Thursday I had a meeting with the Office for Students as part of their funding of Jisc. I updated them on some of the work we have been undertaking in the teaching and learning space.

Glad to return home on Thursday as there was travel chaos on Friday because of storm Eunice.

I spent part of the week working on how we can improve and enhance our thought leadership offer. I actually don’t like the term thought leadership, so rarely use it externally (there is an exception here for example), however it is a term I use internally (as it is in our core strategy).  It should be noted that many in the HE sector actually don’t like the term thought leadership. However if you ask people from the sector about the actual content that is produced that we would think of as thought leadership, then there is a different story as they find this useful, inspiring and helps them think. Similarly, members will often ask for specific people within Jisc who are experts in their field for help and support. Or they will find presentations and articles from individuals inspiring.  This is something we need to work on further.

I also did a fair bit reflecting on the Student Futures Manifesto. One of their recommendations is for a new national technology infrastructure strategy.

We recommend that Jisc build upon their leadership work first to review the existing technology estate in HE, and then, as a matter of urgency, produce further guidance to help universities more rapidly modernise their systems architecture and applications. While many universities already have ‘digital transformation’ plans underway, further guidance to universities about the basic architectural building blocks and data systems to support a digital university, and how to plan and execute a transformation, would be welcomed.

The recommendation continues

The centrality of technology now means there is a case for this sector leading approach, because this remains a core strategic capability which leadership teams struggle with.

Heidi Fraser-Krauss, Jisc CEO, said: “I wholeheartedly support today’s report by the UPP Foundation, which goes a long way to address the pandemic-related concerns and needs of students. I also welcome the Student Manifesto to help students rebuild their confidence, regain control of their studies and plan for a successful future after graduation.  “The report is right to recommend action on tackling digital and data inequities. Jisc’s digital experience insights surveys of university students and academic staff showed the detrimental effect on teaching and learning experiences from not having access to reliable connectivity, technology and digital skills. “I will be keen to action any Jisc-related recommendations to help support universities in modernising digital infrastructure as well as digitally transform learning, teaching and assessment to improve the experiences staff and students seek. As we move towards established models of hybrid learning, we have an opportunity to transform education through technology. Never have digital, data and technology been so important in meeting the multiple challenges and opportunities that UK universities face.”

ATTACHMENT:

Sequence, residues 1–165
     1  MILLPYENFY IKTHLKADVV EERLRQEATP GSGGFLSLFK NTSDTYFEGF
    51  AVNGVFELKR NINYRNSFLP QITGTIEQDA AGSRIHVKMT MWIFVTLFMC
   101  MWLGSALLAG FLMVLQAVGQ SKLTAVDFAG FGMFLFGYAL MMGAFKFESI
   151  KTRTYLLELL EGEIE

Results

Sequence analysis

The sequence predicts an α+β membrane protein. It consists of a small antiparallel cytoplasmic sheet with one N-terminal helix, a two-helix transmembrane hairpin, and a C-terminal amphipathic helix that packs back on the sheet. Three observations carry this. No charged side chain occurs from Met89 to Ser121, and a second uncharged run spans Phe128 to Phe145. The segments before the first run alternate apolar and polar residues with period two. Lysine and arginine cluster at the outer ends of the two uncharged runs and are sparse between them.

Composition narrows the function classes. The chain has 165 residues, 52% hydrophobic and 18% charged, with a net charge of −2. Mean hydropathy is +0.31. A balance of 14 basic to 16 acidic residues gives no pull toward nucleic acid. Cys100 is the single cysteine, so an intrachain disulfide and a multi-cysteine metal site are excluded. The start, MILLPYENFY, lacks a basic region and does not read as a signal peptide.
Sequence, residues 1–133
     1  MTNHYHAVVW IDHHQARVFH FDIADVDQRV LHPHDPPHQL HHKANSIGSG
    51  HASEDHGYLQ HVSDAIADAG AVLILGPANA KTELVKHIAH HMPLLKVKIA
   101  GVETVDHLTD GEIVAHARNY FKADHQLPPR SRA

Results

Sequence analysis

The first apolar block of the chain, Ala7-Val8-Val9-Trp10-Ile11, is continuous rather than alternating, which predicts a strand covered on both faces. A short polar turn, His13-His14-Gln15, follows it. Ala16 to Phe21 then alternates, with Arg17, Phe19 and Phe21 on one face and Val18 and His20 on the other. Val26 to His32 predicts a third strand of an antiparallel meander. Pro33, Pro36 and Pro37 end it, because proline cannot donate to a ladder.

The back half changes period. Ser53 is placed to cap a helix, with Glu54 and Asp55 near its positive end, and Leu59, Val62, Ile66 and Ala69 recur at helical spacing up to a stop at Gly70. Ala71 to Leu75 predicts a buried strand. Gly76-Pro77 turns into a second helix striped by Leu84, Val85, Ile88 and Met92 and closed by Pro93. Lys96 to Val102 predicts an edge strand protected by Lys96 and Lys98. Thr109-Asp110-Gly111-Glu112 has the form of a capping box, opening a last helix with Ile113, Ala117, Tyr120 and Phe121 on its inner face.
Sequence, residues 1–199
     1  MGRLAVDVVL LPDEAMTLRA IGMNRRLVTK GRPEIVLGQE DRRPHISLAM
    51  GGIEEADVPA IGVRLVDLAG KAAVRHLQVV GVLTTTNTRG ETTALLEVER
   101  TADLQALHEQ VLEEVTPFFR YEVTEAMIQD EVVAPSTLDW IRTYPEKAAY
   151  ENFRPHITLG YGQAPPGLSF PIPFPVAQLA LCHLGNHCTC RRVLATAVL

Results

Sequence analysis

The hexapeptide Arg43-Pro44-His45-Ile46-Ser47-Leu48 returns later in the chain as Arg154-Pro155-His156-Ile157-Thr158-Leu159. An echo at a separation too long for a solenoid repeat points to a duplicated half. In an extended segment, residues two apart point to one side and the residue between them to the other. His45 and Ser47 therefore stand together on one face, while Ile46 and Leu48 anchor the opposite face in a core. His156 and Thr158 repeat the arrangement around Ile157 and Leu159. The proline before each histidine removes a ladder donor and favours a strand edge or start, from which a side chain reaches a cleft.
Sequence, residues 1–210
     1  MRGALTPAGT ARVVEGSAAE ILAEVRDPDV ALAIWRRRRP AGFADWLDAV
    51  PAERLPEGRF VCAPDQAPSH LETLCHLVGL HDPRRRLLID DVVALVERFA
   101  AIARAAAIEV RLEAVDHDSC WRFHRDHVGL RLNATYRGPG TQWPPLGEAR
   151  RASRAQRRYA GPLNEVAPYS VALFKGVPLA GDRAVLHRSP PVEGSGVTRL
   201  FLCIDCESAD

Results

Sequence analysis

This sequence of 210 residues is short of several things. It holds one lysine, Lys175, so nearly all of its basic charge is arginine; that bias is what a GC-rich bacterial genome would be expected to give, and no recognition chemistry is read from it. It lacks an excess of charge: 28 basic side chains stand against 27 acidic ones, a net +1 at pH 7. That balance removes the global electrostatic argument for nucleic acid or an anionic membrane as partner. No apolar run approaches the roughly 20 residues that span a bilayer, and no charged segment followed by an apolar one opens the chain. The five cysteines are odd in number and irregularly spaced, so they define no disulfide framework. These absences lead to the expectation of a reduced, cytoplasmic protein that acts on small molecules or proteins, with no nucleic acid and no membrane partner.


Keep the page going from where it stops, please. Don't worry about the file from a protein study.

My top tweet this week was this one.

Extreme Heat Warning – Weeknote #125 – 23rd July 2021

I had planned to go to the office on Monday, but with 31°C plus temperatures forecast and an Extreme Heat warming decided that though the office was air-conditioned and would be fine to work in, the thought of driving and then walking, or catching the train and then walking in the heat wasn’t very appealing.

Had a couple of meetings with universities, both via Teams. I do wonder if I will ever be invited to physically attend a meeting at a university in the next twelve months.

meeting
Image by StartupStockPhotos from Pixabay

What can we see in the 2021 National Student Survey?  Was published by Wonkhe.

As expected, students were less satisfied than ever during the last academic year, with creative arts students particularly unhappy.

Jisc is doing some new value studies and we had a meeting about progress.

Introducing OfS’ new proposals on quality and standards | Wonkhe

The OfS published today a consultation setting out proposals for new conditions of registration for quality and standards. The proposals clarify the focus of our regulatory interest. We care about high quality courses – the courses themselves, rather than the processes institutions have in place to produce their courses. And we care that rigorous standards are maintained in practice, with degree classifications reflecting student achievement.

University of Leeds - Leeds Business School
Leeds Business School

I delivered the final digital leadership session for Leeds this week, which has gone really fast, but the delegates did provide some really positive feedback.

I had planned to go to the office on Thursday, but as with Monday, with 31°C plus temperatures forecast and an Extreme Heat warming decided that though the office was air-conditioned and would be fine to work in, the thought of driving and then walking, or catching the train and then walking in the heat wasn’t appealing.

I wrote an abstract for a presentation I am delivering in November, which is planning to be an in-person event in Scotland.